Wabissa Bede’s decision to stay at Virginia Tech under new head coach Mike Young is part of a long line of acquisitions the team has made since coach Young’s introduction on April 7, yet this move feels different from the rest.
For starters, Bede was a four-star, top 100 recruit who committed to Buzz Williams’ program, not Young’s. He had no obligation to stick around for the new regime that’s trying to piece together a team consisting mostly of raw but talented underclassmen, yet he did.
While Bede has yet to find his stride as a scorer, if he ever does, he has found a role in the starting rotation as arguably the team’s best on-ball defender around the perimeter. Bede’s 98 defensive rating was the fifth highest on the team last season and should improve even more as the team looks for someone to lock in on opposing teams’ primary ball-handler.
There’s a reason Bede’s a fan favorite in Blacksburg, and it’s because of the scrappiness and edge he provides as a defender. Think of NBA players like Tony Allen, the centerpiece of the Memphis Grizzlies’ “grit and grind” philosophy, or Patrick Beverley, the agitating, in-your-face guard from Chicago who has stuck around the NBA for the past seven seasons because of his defensive ability. What these guys all share is high-energy defensive effort that you just can’t teach. While none of those aforementioned players have ever necessarily dominated on the offensive end, it’s hard seeing their respective teams win on a night-to-night basis without them.
Sure Bede only scored in double figures just two times last season in 35 games, but he still remained a reliable presence on the court, especially in the wake of Justin Robinson’s 12-game absence toward the end of the season.
Of all players on the team who played in at least 25 minutes per game last season, Bede was the second lowest average of turnovers per game only to Ty Outlaw, committing just 1.1 turnovers per game on the season. That’ll be big for a team expecting to give out key minutes to freshmen guards Jalen Cone and Hunter Cattoor, who are most likely going to hit some first-year speed bumps along the way.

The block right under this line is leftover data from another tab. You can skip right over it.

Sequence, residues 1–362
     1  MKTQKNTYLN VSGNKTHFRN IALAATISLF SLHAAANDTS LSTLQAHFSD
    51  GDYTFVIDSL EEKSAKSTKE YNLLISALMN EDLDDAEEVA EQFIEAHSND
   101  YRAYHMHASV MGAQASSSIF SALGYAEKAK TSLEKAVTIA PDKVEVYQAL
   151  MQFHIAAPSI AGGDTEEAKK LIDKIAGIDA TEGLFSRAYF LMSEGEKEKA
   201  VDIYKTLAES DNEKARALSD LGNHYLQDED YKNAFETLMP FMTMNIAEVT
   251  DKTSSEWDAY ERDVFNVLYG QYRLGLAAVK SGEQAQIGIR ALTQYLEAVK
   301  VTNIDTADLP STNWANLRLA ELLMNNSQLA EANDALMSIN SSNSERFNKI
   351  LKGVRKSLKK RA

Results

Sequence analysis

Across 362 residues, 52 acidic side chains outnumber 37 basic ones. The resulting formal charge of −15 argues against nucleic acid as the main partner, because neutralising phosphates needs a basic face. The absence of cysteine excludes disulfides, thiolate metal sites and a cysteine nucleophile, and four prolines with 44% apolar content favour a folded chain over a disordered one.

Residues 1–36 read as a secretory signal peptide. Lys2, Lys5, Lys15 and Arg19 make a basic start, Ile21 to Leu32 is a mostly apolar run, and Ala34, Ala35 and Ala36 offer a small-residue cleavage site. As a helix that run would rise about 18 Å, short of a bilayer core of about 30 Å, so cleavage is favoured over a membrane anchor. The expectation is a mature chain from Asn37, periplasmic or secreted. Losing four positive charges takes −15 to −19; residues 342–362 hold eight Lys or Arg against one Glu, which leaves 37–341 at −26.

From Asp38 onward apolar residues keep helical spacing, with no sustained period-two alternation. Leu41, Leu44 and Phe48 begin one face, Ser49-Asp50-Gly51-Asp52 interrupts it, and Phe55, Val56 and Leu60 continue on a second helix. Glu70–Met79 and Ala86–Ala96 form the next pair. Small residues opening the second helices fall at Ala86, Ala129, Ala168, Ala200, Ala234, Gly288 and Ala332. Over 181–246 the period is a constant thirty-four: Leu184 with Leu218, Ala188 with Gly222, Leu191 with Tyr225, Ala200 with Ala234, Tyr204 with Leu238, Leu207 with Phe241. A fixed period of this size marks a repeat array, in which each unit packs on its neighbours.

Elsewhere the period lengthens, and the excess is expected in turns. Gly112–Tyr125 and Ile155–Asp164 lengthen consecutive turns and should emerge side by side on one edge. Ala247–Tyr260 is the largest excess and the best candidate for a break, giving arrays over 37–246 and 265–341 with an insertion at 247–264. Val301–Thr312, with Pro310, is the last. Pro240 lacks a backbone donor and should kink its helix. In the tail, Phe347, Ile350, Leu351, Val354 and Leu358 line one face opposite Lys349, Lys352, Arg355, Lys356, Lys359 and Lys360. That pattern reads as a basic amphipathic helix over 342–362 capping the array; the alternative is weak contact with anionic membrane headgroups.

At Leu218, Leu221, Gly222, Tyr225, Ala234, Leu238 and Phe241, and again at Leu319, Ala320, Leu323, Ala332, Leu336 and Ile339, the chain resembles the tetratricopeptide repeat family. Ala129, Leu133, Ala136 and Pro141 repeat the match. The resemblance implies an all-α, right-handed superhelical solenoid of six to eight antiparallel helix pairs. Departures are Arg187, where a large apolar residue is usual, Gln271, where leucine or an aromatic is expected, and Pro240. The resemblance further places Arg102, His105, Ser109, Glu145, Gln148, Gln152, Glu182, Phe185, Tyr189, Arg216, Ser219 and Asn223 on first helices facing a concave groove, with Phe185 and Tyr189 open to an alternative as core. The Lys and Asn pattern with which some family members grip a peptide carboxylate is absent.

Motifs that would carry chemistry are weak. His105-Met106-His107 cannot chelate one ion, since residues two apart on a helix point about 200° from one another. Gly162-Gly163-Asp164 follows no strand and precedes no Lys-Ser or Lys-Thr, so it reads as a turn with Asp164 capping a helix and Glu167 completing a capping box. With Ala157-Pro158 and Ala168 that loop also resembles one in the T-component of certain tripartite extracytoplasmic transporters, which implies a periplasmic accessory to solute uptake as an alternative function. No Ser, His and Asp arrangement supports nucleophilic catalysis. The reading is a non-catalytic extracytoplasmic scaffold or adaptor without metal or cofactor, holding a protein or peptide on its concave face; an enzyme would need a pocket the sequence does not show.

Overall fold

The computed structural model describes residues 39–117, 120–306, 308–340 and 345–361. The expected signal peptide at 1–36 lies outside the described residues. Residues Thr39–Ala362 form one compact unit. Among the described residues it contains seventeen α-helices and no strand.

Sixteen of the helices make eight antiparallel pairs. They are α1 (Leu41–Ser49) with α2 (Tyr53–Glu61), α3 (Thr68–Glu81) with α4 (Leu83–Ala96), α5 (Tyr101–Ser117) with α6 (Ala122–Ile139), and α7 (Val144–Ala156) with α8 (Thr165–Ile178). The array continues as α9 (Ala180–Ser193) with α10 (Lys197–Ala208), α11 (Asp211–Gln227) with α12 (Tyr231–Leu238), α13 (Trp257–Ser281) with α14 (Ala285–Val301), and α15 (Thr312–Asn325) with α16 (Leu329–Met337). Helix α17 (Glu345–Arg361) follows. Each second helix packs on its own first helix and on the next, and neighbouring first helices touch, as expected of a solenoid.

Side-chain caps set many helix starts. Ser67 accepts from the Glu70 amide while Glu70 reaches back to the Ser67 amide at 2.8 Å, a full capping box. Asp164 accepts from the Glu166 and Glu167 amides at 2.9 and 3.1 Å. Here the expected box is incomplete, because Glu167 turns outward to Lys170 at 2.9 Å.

Maybe it’s a bit rash to consider this the team’s best move of the offseason, especially with Kerry Blackshear’s decision still on the horizon and no one expecting the Hokies to be completely out of contention for his services next season, but as of right now, I can’t think of a bigger offseason victory than Bede’s decision to stick around.
With two years left of eligibility, it’s hard to see Bede being the exact same player we’ve seen since his arrival two seasons ago. Maybe his jumper does improve, maybe he’ll find more success as a playmaker in his natural position at point guard or maybe I’m wrong and he does continue to be the high-effort defender that sees his contributions go beyond the eye-test of gaudy box score point totals. Whatever production we’re going to get next season, expect nothing less than a guy who leaves everything out there on the court for his team and his new head coach.